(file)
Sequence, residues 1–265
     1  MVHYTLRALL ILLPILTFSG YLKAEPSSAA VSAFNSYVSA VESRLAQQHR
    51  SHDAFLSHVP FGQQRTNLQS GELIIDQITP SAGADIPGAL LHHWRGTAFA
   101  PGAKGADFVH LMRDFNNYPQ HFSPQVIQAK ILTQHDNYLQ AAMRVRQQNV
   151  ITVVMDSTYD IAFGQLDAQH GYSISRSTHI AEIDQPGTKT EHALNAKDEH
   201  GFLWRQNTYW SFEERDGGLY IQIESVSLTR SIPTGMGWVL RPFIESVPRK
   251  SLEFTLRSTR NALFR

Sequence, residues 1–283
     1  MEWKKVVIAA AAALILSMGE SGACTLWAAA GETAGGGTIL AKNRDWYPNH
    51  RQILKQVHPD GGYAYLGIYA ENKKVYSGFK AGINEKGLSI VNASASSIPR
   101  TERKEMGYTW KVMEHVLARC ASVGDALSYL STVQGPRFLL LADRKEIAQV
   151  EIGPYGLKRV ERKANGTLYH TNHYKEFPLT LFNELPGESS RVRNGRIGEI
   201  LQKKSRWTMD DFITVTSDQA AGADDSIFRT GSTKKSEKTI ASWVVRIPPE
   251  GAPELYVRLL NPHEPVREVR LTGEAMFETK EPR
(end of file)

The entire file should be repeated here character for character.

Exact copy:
Sequence, residues 1–265
     1  MVHYTLRALL ILLPILTFSG YLKAEPSSAA VSAFNSYVSA VESRLAQQHR
    51  SHDAFLSHVP FGQQRTNLQS GELIIDQITP SAGADIPGAL LHHWRGTAFA
   101  PGAKGADFVH LMRDFNNYPQ HFSPQVIQAK ILTQHDNYLQ AAMRVRQQNV
   151  ITVVMDSTYD IAFGQLDAQH GYSISRSTHI AEIDQPGTKT EHALNAKDEH
   201  GFLWRQNTYW SFEERDGGLY IQIESVSLTR SIPTGMGWVL RPFIESVPRK
   251  SLEFTLRSTR NALFR

Sequence, residues 1–283
     1  MEWKKVVIAA AAALILSMGE SGACTLWAAA GETAGGGTIL AKNRDWYPNH
    51  RQILKQVHPD GGYAYLGIYA ENKKVYSGFK AGINEKGLSI VNASASSIPR
   101  TERKEMGYTW KVMEHVLARC ASVGDALSYL STVQGPRFLL LADRKEIAQV
   151  EIGPYGLKRV ERKANGTLYH TNHYKEFPLT LFNELPGESS RVRNGRIGEI
   201  LQKKSRWTMD DFITVTSDQA AGADDSIFRT GSTKKSEKTI ASWVVRIPPE
   251  GAPELYVRLL NPHEPVREVR LTGEAMFETK EPR